Whis­tle-blower paid $280,000 in set­tle­ment

The Denver Post - - FRONT PAGE - By Kirk Mitchell

A for­mer top statis­ti­cian who filed a whis­tle-blower com­plaint ac­cus­ing Colorado prison of­fi­cials of skew­ing fig­ures about men­tally ill and vi­o­lent con­victs will be paid more than $280,000 in a set­tle­ment.

Mau­reen O’Keefe, the for­mer di­rec­tor of the Colorado Depart­ment of Corrections’ Of­fice of Plan­ning and Anal­y­sis, filed a com­plaint that said the state sought to pun­ish and si­lence her, in­clud­ing twice plac­ing her on ad­min­is­tra­tive leave.

In State Per­son­nel Board doc­u­ments re­viewed by The Den­ver Post, O’Keefe ac­cused pris­ons di­rec­tor Rick Raemisch and his depart­ment of ex­ag­ger­at­ing the re­sults of re­forms he im­ple­mented af­ter the 2013 mur­der of his pre­de­ces­sor, Tom Cle­ments.

The re­forms were aimed at what Raemisch has said were sys­temic flaws re­vealed in the wake of the at­tack on Cle­ments by a parolee. Raemisch had launched a na­tional pub­lic­ity cam­paign that cited the dan­gers of iso­lat­ing pris­on­ers in ad­min­is­tra­tive seg­re­ga­tion.

Un­der a set­tle­ment, O’Keefe re­signed as of Dec. 31. She was to get $262,468 plus ac­crued leave time, or about $20,000. She also was paid $124,000 over the 14 months she was on ad­min­is­tra­tive leave.

O’Keefe de­clined to com­ment about the agree­ment, which in­cludes a dis­claimer that prison of­fi­cials de­nied any wrong­do­ing.

Raemisch signed the agree­ment Dec. 14, two months af­ter Ad­min­is­tra­tive Law Judge Keith Shan­dalow wrote that O’Keefe “met her bur­den” to have a for­mal hear­ing on her whis­tle-blower com­plaint.

Raemisch, through spokes­woman Adri­enne Jacobson, de­clined to com­ment about the set­tle­ment. But in fil­ings with the Colorado Per­son­nel Board, prison of­fi­cials claimed O’Keefe was sus­pended be­cause of “dis­mal” man­age­ment skills that led to of­fice res­ig­na­tions.

Shan­dalow found cor­rob­o­rat­ing ev­i­dence that O’Keefe first ex­pressed con­cerns to her boss Wayne Peel about bad sta­tis­tics in early 2014.

O’Keefe ac­cused prison of­fi­cials of un­der­stat­ing the num­ber of se­ri­ously men­tally ill peo­ple in soli­tary con­fine­ment, the num­ber of in­mates re­leased di­rectly from soli­tary con­fine­ment to the streets and how much time in­mates spend out­side their cells and other is­sues.

She claimed the false sta­tis­tics re­lated di­rectly to Raemisch’s re­forms af­ter the mur­der of Cle­ments by parolee Evan Ebel on March 19, 2013. Ebel spent most of his eight years in prison in soli­tary and was re­leased from soli­tary to the streets less than two months be­fore the mur­der.

On Jan. 23, 2014, roughly the same time O’Keefe was re­port­ing prob­lems with the sta­tis­tics, Raemisch had him­self locked in­side a soli­tary con­fine­ment cell at Colorado State Pen­i­ten­tiary for 20 hours and wrote a guest col­umn for The New York Times.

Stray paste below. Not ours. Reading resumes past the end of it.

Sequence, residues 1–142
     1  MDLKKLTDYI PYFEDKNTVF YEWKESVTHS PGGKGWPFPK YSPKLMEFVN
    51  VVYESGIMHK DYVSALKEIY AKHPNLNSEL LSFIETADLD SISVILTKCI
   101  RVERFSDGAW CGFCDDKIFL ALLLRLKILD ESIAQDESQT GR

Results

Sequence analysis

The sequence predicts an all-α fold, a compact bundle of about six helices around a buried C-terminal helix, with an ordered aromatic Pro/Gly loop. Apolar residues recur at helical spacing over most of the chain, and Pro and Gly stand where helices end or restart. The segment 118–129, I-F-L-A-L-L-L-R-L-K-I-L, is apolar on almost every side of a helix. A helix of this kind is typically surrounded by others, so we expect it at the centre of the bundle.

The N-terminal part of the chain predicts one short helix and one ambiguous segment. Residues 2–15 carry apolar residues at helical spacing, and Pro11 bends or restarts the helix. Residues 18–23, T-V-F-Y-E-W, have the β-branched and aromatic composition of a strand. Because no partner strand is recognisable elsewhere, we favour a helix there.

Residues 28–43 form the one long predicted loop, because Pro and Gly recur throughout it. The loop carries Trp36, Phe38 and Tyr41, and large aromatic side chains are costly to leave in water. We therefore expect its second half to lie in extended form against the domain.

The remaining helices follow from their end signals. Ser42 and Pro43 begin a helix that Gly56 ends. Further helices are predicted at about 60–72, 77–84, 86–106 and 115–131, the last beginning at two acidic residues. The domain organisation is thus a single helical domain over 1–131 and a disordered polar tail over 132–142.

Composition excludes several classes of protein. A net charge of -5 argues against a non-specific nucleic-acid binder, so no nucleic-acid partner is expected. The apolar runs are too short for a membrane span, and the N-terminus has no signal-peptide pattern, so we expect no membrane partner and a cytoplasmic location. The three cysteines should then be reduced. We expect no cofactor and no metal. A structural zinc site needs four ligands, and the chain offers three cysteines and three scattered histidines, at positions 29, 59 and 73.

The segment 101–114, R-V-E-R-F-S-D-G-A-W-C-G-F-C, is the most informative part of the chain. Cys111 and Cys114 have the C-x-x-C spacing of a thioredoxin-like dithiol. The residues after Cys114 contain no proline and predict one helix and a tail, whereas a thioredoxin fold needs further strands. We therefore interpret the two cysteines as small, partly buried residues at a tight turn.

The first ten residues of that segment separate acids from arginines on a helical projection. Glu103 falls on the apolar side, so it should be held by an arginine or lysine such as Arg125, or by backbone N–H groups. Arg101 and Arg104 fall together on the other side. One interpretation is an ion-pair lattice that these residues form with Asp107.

“When I was ap­pointed, Gov. John Hick­en­looper charged me with three goals: lim­it­ing or elim­i­nat­ing the use of soli­tary con­fine­ment for men­tally ill in­mates; ad­dress­ing the needs of those who have been in soli­tary for long pe­ri­ods; and re­duc­ing the num­ber of of­fend­ers re­leased di­rectly from soli­tary back into their com­mu­ni­ties,” Raemisch wrote.

Raemisch con­sis­tently has claimed he has made huge gains in achiev­ing all of th­ese goals.

But O’Keefe claimed that the num­bers Raemisch cited were partly based on new names for the same thing: soli­tary con­fine­ment. Men­tally ill pa­tients were still be­ing held in soli­tary, but un­der a pro­gram named the Res­i­den­tial Treat­ment Pro­gram. Also in­mates were trans­ferred from soli­tary to other pris­ons shortly be­fore their re­lease, dis­guis­ing the ac­tual num­ber of soli­tary in­mates di­rectly re­leased to the streets, she claimed.

On Sept. 11, 2014, O’Keefe was told she would no longer su­per­vise prison em­ploy­ees gath­er­ing data and would only con­duct re­search. Three weeks later, em­ployee Ryan Hol­lamby re­ported that O’Keefe had yelled at him.

O’Keefe was placed on ad­min­is­tra­tive leave a month later with­out re­ceiv­ing any neg­a­tive per­for­mance re­port, she said in her com­plaint. Her prior job per­for­mance eval­u­a­tions had graded her work mostly as ex­em­plary.

O’Keefe ap­pealed her sus­pen­sion on the ba­sis of the state’s whis­tle-blower act on Oct. 31, 2014, and wrote a let­ter to Raemisch on Dec. 4, 2014.

“I feel it is vi­tally im­por­tant to share ac­cu­rate in­for­ma­tion with the Colorado leg­is­la­ture, the U.S. Congress and the pub­lic. How­ever, it is my be­lief that in­ac­cu­rate in­for­ma­tion has been given out,” the let­ter said.

Nearly two weeks later, O’Keefe re­ceived a re­port from an in­spec­tor gen­eral’s of­fice per­son­nel in­ves­ti­ga­tion that said em­ploy­ees she su­per­vised were afraid of her and some had re­signed.

“Most em­ploy­ees said that O’Keefe bul­lies, yells at, and be­lit­tles em­ploy­ees; is in­tim­i­dat­ing and nasty; calls em­ploy­ees stupid; and creates a toxic, hos­tile, and abu­sive work en­vi­ron­ment,” the CDOC re­ported.

O’Keefe said the probe was slanted. She cited a state­ment by one of her em­ploy­ees who said he was ques­tioned un­til he said what the in­ves­ti­ga­tor wanted him to say.

O’Keefe was placed on ad­min­is­tra­tive leave Jan. 27, a day af­ter she was ac­cused of pro­vid­ing con­fi­den­tial med­i­cal records to a state sen­a­tor — an ac­cu­sa­tion she de­nied.

Shan­dalow wrote that the tim­ing of the state’s dis­ci­plinary ac­tions against O’Keefe, in­clud­ing her se­cond place­ment on ad­min­is­tra­tive leave a day af­ter tak­ing cor­rec­tive ac­tion, “creates an in­fer­ence of a causal link” be­tween whis­tle-blow­ing and ad­verse ac­tions against her.

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